In honor of AmeriCorps Week, today we continue a multi-part series entitled “The Navigator’s Log,” created by LaRhonda Boone, an AmeriCorps VISTA serving with Jersey Cares’ ServiceWorks program in Newark, NJ. ServiceWorks helps youth ages 16-24 to develop workplace skills through specialized training and to gain leadership experience by designing and implementing community service projects. You can learn more about Service Works here.
Every volunteer’s story is unique, and while LaRhonda’s story, which is still being written, is her own, she provides us with insight into what it is, can be – and at times hopefully won’t often be – to be a volunteer.
Navigator’s Log Lovedate 339.2-15.5.05B
By: LaRhonda Boone, AmeriCorps VISTA
With scholars finally entering our realm, I’ve seen one or two shooting stars but they were of a different sort. They were stars that shoot, not across the sky, but with guns as in harm & danger. Their target, another scholar, survived though he was grazed and all of this after only a day or two of meeting. Shooting stars, as you know, aren’t really stars at all but are meteors that flash & burn away, and as expected they were removed from the program before the program really began. No staff, crew member or other scholars were hurt as the shooting occurred off-site, but when a burning meteor crashes to our world, our space, we are all impacted. And yet that was one kind of light – a fiery, angry, one.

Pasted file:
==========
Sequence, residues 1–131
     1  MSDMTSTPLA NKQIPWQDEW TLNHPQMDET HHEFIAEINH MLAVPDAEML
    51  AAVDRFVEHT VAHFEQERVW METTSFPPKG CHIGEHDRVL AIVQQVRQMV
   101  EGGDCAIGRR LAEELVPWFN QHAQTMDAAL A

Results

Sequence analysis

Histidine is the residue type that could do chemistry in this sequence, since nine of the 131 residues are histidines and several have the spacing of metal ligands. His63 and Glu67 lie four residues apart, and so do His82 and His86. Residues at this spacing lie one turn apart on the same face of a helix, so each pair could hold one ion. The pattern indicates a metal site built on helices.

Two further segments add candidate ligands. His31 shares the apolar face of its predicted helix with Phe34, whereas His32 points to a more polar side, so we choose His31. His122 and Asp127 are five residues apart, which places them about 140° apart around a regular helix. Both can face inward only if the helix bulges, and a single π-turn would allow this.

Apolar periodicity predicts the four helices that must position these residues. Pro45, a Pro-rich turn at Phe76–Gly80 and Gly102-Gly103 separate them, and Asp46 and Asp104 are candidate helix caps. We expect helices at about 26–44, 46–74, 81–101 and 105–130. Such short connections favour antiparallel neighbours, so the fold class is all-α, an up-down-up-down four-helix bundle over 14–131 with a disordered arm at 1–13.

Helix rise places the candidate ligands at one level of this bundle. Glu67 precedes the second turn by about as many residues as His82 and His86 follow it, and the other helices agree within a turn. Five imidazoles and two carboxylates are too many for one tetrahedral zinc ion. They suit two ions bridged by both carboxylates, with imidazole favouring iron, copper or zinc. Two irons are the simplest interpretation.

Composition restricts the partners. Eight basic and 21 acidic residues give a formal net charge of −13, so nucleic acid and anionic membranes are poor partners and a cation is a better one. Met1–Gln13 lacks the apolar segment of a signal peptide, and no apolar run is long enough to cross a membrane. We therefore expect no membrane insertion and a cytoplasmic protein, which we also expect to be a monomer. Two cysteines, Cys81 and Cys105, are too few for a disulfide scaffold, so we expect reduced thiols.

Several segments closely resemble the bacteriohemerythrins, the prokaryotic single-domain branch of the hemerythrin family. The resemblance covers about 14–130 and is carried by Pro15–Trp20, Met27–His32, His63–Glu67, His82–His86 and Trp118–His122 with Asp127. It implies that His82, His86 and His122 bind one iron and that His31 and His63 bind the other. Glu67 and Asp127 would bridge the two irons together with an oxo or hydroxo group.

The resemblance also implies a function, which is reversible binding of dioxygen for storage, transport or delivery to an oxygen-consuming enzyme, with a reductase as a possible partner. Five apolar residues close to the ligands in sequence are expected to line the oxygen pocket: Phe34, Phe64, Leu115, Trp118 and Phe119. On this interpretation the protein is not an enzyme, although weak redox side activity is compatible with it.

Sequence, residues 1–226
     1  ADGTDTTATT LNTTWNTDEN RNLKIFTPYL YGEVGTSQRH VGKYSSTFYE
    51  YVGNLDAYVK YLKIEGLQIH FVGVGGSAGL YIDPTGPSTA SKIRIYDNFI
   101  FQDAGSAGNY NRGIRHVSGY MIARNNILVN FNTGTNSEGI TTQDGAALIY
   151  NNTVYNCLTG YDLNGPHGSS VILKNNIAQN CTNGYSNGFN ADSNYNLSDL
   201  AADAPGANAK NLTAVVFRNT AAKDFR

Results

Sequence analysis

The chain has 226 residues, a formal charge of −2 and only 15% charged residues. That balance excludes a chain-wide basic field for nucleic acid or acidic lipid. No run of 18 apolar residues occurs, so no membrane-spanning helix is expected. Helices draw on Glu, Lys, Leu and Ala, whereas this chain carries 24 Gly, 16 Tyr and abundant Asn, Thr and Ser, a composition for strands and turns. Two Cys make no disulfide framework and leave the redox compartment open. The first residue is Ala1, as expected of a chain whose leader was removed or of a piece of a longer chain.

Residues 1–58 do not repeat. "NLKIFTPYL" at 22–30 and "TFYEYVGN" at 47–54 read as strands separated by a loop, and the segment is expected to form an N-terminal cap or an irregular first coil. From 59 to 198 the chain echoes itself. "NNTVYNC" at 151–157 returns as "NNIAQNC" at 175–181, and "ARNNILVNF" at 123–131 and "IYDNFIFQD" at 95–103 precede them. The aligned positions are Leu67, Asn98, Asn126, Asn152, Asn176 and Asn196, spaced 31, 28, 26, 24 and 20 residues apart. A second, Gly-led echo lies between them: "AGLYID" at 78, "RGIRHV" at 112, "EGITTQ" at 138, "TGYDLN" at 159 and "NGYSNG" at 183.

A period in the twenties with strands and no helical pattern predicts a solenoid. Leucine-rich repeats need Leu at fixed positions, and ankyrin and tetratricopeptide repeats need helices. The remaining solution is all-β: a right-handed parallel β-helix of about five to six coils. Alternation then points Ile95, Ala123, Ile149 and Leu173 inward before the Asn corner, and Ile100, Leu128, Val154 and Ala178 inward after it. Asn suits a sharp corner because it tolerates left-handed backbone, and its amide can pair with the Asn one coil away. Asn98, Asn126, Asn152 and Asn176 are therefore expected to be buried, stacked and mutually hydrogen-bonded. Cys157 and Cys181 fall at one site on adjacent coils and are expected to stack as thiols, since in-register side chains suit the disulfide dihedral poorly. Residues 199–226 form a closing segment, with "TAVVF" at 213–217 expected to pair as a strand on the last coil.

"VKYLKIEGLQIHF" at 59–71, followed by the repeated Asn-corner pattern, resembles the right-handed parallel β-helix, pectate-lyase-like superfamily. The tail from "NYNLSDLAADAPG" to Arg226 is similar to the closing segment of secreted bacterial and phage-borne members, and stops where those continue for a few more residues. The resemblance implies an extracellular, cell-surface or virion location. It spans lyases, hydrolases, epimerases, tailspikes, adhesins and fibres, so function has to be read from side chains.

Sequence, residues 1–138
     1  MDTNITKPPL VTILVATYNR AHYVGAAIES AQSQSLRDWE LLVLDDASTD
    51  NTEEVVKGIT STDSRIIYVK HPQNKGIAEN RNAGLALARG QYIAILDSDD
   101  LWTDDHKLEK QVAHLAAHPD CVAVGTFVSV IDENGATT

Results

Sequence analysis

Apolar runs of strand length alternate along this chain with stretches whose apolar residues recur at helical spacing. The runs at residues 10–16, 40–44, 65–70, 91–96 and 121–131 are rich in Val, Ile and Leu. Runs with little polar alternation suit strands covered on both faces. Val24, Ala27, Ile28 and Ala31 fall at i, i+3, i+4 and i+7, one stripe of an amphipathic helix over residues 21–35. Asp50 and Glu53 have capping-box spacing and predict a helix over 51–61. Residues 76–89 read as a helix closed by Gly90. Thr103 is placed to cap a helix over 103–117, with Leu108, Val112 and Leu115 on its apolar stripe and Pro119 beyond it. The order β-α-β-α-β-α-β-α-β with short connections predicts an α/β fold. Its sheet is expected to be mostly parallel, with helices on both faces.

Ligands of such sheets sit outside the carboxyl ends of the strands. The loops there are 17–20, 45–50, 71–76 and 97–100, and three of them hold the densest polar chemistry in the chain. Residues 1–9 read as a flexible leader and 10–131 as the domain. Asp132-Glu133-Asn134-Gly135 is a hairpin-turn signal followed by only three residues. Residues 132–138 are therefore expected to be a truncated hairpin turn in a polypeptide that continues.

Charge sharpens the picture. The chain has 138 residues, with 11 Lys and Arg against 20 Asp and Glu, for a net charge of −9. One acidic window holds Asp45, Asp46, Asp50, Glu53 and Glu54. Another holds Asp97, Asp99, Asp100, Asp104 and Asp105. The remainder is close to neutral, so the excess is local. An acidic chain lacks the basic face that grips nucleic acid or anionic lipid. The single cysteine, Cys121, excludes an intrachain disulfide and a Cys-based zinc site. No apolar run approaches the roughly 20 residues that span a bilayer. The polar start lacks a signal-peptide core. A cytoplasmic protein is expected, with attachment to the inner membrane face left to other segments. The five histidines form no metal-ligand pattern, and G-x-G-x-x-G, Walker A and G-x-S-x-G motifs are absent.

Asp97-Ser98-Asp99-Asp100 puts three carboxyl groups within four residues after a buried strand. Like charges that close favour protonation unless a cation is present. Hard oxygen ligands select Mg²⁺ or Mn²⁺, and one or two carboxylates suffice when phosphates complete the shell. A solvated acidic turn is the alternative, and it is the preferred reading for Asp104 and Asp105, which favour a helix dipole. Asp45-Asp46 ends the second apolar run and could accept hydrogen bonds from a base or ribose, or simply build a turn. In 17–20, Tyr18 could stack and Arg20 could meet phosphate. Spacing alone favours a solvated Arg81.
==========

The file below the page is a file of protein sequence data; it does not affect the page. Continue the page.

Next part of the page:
Since then, as Scholars have gone through our host site’s Mental Toughness process (one that assesses preparation & readiness and in so doing weeds out a few) I’ve seen pockets of brilliance. I do not mean intelligence, street-smarts or even common sense. Through Mental Toughness and our recent ServiceWorks info session, I’ve seen charred embers begin to brightly glow. While there is hesitation (a fight even –by some Scholars) to keep their light hidden for fear of ridicule, vulnerability and disappointment, it is hard when nothing but love, support, encouragement and the idea of possibilities form meteors of their own to chip away at a Scholar’s resolve. The embers will glow until they catch and then there will be fire. Not an angry one, but one of determination. And that is another light – a radiantly beautiful one.